to pay prejudgment interest pursuant to the contract. The trial court’s judgment
entry did not address whether the parties’ contract expressed an intent to abrogate
the common-law Globe Indemn. Co. requirements.            It simply concluded that
Discovery was entitled to indemnification.
            D. The parties appeal to the Seventh District Court of Appeals
        ¶ 8 Both Discovery and Wildcat appealed the trial court’s judgment to the
Seventh District Court of Appeals. The appellate court reversed the trial court’s
judgment as to the indemnification issue, holding that Wildcat is not required to
indemnify Discovery because Discovery did not provide Wildcat with the notice
required to be entitled to indemnification. 2018-Ohio-4015, 121 N.E.3d 65, ¶ 69-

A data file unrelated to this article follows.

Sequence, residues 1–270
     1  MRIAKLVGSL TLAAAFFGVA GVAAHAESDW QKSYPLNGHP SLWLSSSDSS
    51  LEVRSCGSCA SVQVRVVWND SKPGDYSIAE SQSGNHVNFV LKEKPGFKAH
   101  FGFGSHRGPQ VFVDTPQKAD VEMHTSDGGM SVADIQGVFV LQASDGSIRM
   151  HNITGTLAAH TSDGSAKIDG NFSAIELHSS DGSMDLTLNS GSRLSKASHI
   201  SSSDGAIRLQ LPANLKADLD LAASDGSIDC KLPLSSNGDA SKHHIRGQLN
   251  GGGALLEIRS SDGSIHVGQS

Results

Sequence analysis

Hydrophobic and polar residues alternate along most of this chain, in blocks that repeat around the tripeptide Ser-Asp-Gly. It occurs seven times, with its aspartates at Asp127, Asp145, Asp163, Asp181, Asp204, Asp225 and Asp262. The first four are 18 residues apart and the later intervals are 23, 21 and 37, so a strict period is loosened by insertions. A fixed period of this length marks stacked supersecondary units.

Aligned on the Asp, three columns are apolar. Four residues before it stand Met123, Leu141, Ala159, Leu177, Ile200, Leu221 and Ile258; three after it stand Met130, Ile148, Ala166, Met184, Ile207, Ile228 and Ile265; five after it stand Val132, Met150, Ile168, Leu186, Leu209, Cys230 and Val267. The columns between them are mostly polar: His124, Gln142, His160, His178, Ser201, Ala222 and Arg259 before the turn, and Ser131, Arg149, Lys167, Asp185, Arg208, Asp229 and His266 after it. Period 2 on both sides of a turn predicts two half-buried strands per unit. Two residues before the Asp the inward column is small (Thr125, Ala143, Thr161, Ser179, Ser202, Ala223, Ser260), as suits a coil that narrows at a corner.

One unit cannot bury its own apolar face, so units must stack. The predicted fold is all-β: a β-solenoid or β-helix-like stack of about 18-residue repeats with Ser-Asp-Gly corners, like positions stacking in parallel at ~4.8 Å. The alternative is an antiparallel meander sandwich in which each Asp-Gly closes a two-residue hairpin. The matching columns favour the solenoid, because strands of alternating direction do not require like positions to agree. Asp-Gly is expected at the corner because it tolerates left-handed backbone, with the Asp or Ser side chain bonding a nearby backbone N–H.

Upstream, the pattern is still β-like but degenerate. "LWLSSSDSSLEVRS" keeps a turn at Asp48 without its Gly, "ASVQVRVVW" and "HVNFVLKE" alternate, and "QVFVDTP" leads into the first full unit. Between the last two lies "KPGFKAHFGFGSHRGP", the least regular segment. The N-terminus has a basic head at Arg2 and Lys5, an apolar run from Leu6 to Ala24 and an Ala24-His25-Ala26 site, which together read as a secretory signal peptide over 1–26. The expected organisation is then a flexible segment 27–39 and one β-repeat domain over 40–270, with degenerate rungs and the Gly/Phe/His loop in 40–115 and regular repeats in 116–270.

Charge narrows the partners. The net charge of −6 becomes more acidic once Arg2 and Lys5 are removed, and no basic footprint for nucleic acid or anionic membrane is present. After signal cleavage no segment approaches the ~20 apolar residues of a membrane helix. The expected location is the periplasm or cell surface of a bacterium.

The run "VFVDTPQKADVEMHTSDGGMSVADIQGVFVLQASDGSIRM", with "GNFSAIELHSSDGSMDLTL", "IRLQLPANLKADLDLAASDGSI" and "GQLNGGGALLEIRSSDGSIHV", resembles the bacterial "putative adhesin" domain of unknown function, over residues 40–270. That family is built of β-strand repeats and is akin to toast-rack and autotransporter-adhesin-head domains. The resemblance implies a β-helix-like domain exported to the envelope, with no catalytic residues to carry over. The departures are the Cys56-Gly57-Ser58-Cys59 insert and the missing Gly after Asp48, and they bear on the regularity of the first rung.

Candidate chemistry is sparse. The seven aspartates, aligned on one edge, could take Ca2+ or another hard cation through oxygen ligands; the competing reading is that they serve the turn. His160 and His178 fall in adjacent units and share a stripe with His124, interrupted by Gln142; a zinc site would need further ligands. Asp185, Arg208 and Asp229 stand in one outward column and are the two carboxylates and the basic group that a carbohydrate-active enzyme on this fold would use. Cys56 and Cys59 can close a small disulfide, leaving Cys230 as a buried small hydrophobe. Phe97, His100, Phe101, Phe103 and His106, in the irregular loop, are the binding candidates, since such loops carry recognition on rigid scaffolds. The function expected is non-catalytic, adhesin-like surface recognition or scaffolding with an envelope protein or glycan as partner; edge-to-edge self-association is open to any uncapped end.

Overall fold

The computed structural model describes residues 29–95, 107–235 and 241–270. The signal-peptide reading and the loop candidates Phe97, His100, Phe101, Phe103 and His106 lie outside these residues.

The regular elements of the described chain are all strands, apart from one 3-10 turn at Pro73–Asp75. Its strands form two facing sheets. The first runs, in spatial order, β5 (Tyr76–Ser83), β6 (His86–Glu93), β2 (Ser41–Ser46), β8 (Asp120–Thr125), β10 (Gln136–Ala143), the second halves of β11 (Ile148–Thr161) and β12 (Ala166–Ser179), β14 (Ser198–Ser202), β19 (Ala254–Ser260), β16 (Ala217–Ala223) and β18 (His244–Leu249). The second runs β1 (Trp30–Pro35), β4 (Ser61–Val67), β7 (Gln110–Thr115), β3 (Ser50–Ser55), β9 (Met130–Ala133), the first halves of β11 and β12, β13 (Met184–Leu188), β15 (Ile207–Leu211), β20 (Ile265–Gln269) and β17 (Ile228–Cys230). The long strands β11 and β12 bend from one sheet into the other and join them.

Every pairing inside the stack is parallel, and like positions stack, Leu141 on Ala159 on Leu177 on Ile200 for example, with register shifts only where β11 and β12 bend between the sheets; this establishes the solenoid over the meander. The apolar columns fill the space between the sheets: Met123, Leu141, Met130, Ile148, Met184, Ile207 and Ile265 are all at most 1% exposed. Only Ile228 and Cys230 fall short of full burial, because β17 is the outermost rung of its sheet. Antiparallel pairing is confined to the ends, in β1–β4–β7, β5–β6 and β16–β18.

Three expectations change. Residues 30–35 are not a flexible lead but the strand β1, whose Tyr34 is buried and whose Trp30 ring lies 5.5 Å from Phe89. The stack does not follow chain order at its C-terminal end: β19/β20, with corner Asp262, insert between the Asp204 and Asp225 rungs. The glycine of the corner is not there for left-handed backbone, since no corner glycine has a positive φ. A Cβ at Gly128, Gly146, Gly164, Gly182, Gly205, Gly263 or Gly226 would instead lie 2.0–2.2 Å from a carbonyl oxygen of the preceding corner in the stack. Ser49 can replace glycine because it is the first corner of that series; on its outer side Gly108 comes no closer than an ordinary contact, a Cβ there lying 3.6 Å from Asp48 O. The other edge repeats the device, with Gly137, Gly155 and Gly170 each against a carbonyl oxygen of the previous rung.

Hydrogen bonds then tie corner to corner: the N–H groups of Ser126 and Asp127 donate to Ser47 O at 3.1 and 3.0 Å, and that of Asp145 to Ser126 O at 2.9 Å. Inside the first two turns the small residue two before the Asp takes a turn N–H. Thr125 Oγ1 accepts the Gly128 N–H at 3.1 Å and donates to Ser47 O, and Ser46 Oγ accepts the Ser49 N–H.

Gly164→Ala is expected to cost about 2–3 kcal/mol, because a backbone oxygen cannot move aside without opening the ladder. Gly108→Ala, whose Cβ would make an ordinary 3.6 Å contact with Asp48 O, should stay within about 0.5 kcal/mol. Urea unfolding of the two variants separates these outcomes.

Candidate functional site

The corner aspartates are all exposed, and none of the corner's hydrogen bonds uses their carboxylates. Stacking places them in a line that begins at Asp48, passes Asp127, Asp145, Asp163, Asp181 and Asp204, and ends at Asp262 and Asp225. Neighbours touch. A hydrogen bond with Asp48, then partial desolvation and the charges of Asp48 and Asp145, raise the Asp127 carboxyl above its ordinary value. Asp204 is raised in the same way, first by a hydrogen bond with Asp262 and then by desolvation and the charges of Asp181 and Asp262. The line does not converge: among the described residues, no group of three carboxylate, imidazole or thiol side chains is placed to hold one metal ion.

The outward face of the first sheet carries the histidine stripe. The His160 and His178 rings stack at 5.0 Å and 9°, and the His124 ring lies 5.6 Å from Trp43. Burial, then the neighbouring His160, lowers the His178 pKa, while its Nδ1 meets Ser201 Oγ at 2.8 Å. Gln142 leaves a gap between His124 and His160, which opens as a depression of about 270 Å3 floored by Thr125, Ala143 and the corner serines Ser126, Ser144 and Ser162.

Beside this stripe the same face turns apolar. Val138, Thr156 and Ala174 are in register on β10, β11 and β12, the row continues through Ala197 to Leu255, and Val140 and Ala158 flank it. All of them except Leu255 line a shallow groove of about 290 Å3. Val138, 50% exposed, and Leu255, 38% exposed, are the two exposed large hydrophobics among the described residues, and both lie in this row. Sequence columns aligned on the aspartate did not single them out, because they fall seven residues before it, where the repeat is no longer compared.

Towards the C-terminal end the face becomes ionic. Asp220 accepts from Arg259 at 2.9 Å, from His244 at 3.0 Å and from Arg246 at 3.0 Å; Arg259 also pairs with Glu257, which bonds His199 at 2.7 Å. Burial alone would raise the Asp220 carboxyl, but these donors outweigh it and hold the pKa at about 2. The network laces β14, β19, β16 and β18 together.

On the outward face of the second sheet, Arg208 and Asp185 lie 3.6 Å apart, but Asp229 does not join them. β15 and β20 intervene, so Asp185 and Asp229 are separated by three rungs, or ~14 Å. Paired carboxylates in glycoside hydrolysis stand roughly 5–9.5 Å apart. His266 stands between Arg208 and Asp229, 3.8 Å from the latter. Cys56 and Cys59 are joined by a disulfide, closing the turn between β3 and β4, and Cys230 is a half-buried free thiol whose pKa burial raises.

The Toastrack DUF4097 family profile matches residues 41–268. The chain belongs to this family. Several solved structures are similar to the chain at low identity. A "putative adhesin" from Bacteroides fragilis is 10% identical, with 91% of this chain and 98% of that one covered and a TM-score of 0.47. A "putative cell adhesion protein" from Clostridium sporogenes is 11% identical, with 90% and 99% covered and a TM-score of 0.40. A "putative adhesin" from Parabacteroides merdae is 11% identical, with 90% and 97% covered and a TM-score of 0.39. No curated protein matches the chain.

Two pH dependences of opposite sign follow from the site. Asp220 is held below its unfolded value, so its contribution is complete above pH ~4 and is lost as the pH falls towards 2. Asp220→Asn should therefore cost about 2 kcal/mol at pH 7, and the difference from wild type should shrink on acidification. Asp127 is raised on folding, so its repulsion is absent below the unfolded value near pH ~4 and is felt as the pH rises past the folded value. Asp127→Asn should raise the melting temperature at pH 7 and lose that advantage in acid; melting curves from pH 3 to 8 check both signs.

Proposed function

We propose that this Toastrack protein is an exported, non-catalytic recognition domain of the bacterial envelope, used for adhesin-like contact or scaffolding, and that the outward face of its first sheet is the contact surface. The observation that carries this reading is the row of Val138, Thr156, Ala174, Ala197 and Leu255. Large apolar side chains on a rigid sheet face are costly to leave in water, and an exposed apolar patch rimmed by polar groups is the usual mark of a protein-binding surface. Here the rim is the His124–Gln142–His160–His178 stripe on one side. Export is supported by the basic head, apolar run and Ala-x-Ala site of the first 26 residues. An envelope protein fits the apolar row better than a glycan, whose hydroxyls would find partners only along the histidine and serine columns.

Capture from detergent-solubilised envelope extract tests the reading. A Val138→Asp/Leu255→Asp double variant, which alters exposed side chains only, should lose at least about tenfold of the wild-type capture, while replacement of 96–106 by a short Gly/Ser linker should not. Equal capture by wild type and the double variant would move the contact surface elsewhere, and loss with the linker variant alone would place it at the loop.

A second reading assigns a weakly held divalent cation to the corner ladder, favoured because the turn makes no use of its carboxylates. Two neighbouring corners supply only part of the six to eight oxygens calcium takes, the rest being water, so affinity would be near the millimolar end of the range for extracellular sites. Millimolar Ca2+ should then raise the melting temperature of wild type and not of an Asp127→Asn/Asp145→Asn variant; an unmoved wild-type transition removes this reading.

71.
        ¶ 9 Applying Globe Indemn. Co., the Seventh District determined that
Discovery could be entitled to indemnification only if (1) it had given proper and




                                          5
                                SUPREME COURT OF OHIO




timely notice to Wildcat of the ODNR claim, (2) it was legally liable to respond to
the settled claim, and (3) the settlement was fair and reasonable. Id. at ¶ 61, 69.
Because Discovery had not notified Wildcat of the ODNR claim or of its intent to
settle the claim, the court of appeals concluded that Discovery was not entitled to
indemnification. Id. at ¶ 69.
               E. Discovery appeals to the Supreme Court of Ohio
       ¶ 10 Discovery appealed to this court, raising four propositions of law.
We accepted jurisdiction over Discovery’s second proposition of law, which states:
“Contractually-negotiated indemnification clauses are not subject to the common
law Globe indemnification requirements.” See 155 Ohio St.3d 1463, 2019-Ohio-
1817, 122 N.E.3d 1285.